How platforms like TikTok cause creator burnout
It can be jarring when a social media user with a small following suddenly experiences a huge influx of engagement.
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How the social platforms cause creator whiplash
Taylor Lorenz wrote a great piece for The New York Times about creator burnout and how the pressure to produce new content every day slowly drains creators of any joy they had for their careers.
While there are several elements that trigger burnout, the one I’d like to call attention to in this newsletter you’re reading right now is the whiplash that can be caused when a social media platform plucks one of its users from obscurity and blasts their content out to millions of people. From the article:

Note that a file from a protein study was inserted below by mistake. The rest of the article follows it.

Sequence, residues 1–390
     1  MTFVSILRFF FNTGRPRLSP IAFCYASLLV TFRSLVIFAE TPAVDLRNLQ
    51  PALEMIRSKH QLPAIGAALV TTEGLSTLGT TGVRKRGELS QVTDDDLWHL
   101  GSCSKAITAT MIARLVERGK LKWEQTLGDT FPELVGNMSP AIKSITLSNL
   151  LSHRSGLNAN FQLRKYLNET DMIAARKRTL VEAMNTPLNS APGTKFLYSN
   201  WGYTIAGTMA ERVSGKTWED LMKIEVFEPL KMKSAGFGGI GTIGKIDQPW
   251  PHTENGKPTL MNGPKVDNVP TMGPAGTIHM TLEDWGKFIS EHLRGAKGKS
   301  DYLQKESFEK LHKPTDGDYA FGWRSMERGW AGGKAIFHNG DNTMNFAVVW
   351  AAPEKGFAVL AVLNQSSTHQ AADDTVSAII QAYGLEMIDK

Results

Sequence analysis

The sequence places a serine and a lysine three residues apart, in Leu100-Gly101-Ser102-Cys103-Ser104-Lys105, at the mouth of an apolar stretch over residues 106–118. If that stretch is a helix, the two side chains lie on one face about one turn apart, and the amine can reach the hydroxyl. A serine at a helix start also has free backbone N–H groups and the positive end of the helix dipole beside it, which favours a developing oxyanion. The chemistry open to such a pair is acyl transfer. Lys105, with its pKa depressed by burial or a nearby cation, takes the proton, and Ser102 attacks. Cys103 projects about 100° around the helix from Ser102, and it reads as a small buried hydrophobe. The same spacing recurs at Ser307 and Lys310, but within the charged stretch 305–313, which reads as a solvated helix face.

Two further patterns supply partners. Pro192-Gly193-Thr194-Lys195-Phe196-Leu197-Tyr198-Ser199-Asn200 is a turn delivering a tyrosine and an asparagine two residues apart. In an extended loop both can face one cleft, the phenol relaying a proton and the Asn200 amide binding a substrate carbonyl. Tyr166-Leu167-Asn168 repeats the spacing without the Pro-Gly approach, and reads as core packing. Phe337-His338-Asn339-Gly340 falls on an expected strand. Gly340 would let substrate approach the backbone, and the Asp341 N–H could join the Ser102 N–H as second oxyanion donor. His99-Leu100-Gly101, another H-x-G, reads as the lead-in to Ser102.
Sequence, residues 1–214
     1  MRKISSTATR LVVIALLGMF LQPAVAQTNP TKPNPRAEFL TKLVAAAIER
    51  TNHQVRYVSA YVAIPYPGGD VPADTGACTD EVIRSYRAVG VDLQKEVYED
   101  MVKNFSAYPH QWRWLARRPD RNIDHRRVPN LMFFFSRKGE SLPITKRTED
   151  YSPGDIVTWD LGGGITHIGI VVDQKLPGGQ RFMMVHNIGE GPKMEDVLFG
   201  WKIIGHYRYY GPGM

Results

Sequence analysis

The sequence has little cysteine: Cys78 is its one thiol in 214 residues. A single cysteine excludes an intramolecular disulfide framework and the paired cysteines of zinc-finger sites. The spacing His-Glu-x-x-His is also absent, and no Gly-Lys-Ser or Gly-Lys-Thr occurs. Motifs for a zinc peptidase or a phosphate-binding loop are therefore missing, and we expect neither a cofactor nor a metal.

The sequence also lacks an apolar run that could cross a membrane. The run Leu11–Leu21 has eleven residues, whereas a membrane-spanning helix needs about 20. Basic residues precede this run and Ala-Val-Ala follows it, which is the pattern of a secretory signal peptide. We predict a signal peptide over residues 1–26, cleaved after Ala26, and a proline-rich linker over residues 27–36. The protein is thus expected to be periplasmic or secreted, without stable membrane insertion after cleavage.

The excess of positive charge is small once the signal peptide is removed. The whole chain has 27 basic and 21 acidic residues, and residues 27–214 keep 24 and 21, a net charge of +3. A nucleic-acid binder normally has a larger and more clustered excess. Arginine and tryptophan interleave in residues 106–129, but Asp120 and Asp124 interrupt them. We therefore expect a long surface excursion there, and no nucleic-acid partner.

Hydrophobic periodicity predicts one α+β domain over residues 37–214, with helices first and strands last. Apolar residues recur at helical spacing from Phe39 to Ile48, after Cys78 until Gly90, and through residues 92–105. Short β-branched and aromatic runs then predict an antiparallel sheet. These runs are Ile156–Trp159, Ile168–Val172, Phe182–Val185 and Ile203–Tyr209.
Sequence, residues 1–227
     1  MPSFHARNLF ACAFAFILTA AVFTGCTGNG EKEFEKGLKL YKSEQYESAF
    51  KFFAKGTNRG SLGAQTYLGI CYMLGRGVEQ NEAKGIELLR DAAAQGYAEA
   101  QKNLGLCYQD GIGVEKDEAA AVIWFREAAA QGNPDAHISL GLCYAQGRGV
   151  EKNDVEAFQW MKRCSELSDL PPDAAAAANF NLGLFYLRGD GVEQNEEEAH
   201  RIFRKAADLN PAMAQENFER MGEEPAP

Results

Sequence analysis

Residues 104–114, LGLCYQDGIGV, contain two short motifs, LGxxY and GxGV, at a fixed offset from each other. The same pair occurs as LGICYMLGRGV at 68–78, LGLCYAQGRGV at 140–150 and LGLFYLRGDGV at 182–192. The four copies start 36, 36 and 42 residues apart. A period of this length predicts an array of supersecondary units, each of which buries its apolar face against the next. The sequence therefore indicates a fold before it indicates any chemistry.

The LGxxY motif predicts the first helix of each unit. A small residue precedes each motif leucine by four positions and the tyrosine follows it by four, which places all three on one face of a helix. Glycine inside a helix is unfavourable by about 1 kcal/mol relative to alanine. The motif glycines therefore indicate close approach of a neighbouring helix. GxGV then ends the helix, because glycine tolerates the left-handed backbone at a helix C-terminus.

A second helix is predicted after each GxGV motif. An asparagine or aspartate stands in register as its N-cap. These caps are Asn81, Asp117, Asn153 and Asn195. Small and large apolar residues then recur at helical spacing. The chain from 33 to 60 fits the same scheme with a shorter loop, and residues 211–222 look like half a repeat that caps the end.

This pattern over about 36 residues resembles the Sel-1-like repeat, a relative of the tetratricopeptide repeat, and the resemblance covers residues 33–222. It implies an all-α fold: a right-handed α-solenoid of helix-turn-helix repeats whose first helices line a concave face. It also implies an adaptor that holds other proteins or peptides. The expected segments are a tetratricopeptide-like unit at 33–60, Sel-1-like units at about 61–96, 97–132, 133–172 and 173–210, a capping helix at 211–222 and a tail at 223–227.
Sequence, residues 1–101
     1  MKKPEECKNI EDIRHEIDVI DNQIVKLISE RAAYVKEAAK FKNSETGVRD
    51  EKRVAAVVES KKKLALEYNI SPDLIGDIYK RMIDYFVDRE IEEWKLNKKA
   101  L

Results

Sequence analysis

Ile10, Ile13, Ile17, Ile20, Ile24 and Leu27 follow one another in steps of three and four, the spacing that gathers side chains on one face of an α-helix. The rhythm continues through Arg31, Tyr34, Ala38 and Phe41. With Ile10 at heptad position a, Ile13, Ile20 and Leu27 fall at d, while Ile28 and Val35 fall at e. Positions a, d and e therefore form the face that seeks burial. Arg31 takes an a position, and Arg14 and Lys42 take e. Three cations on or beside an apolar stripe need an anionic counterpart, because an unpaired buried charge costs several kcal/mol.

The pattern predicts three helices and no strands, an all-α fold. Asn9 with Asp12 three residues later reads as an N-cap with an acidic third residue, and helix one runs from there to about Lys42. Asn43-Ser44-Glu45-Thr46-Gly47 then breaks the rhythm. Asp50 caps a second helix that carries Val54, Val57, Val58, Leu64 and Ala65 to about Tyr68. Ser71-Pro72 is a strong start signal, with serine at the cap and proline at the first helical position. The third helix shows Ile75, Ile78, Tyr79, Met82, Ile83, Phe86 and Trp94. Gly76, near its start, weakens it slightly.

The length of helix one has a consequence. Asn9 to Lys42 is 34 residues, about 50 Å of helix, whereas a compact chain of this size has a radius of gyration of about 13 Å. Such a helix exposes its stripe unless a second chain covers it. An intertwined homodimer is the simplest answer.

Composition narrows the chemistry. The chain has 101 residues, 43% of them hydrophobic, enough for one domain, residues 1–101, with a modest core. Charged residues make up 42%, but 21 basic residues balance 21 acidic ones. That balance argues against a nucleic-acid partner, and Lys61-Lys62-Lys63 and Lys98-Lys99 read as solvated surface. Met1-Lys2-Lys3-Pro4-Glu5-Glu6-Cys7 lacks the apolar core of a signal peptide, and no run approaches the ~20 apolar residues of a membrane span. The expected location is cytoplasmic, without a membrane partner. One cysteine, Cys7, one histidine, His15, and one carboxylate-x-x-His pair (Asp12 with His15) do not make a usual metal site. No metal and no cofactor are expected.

“It almost feels like I’m getting a taste of celebrity, but it’s never consistent and as soon as you get it, it’s gone and you’re constantly trying to get it back,” said Lauren Stasyna, 22, a TikTok creator in Toronto. “It feels like I’m trying to capture this prize, but I don’t know what the prize even is.”
The volatility can be rattling. “When your views are down, it affects your financial stability and puts your career at risk,” said Luis Capecchi, a 23-year-old TikTok creator in Los Angeles. “It’s like getting demoted at a job with no warning.”
The people who work at major social platforms are constantly trying to find high quality work from obscure users and elevate it to a much larger audience. In some cases, they do this algorithmically, but often times a platform will actually employ human curators who have the power to blast a piece of content in front of millions of users.